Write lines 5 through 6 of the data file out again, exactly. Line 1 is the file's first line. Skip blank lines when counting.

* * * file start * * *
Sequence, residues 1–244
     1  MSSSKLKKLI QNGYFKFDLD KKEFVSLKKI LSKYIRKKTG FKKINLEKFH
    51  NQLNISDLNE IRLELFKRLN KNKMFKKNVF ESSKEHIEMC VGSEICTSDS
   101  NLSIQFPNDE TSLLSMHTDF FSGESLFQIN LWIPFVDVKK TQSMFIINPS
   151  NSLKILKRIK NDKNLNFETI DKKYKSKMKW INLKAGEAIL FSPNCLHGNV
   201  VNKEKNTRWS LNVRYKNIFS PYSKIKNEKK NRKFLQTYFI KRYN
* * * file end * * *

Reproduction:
   151  NSLKILKRIK NDKNLNFETI DKKYKSKMKW INLKAGEAIL FSPNCLHGNV
   201  VNKEKNTRWS LNVRYKNIFS PYSKIKNEKK NRKFLQTYFI KRYN